TheEvilDediderata Wed 31-Oct-07 20:54:31

God, there are some uptight feckers on MN wink

Any how, apparently we've got it totally wrong in the UK.

In the States, Trick or Trick means that the person who opens the door can give either a trick (a stone in the bag) or a treat (a sweet in the bag).

The ghouls on your threshold should have no say in the matter. It isn't within their gift to administer a trick. It is within ours. We've misinterpreted, as per bloody usual grin

Nightynight Wed 31-Oct-07 20:52:19

well 2 of my children went out with a group of friends, and they knocked on the doors of relatives/friends, and recited poems. They had a fantastic time, but our town is very safe, so I wasn't too worried about them.

We had a fair few round as well, AP was answering the door and giving out chocolate, which she thought was really funny, she is from Kenya and has never seen Halloween before!

Chipstick Wed 31-Oct-07 20:44:18

Why is it begging? I don't understand?

I loved halloween as a child and still do - my house is decorated, and the kids went to nursery today where all the children and staff have been dressed up all day.

Its one evening of the year, we had loads knocking between 5-8 but nothing since and hubby and I are left with masses of chocolate...mmmm smile

madamez Wed 31-Oct-07 20:40:17

Yes it's anoying that some people behave badly. But that doesn't justify spoiling the fun of a whole lot of other well-behaved people, from the kids having a whale of a time, saying polite thanks and enjoying the thrill of being out after dark to the adults who are enjoying the excuse of acting a bit childishly, dressing up and putting up decorations.
I have had about 15-20 round tonight, all kids, dressed up, all with a parent in the background, all said Thank you for a sweetie from my big tray. Mind you, took a short break to bath DS and put a paper plate full of sweets out by the pumpkin only to have someone ring the doorbell - they got greeted by starkers cackling DS and I gave them a quick handful of chews out of the packet as someone (in the space of about 5 mins) had emptied the plateful.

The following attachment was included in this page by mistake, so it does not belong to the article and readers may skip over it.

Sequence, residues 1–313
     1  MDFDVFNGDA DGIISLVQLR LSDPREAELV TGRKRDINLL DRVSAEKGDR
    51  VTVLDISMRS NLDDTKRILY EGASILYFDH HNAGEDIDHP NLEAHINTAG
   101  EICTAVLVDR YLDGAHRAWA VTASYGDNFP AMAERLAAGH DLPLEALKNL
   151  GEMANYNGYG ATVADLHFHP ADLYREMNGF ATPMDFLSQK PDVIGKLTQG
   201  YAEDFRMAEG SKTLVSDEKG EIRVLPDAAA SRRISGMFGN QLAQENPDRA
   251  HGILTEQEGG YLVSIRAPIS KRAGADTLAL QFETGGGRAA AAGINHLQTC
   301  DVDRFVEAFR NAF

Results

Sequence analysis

They seem to have stopped now, I might put the last few toffees and chews out by the pumpkin - but I get to eat the chocolate pumpkings myself

ELF1981 Wed 31-Oct-07 20:32:56

I dont mind Halloween, we have given out little toys etc this evening rather than sweets (mostly stuff DH has picked up at the market and is cluttering my house) but I am rather pissed off that it is now 8:30 and people are still banging on my front door, and when I dont answer (I made a deal with DH we wouldn't answer after 8:00) and people bang and WAIT and then bang LOUDER!!

southutsire Wed 31-Oct-07 20:32:03

Having gone back and read the rest of the thread including Squiffy's advice I shoved my remaining pot of sweets outside the front door and amended the note to ask people to not disturb us but help themselves. Have now had a succession of gleeful and munching noises outside followed by another ring on the doorbell to be greeted by a teenager (not dressed up) saying "They've all gone." hmm

Pinions Wed 31-Oct-07 20:30:17

FGS I couldn't really give a crap whether they gave us sweets or not.

I have SHIT LOADS of sweets/lollies/other crap at home as it is.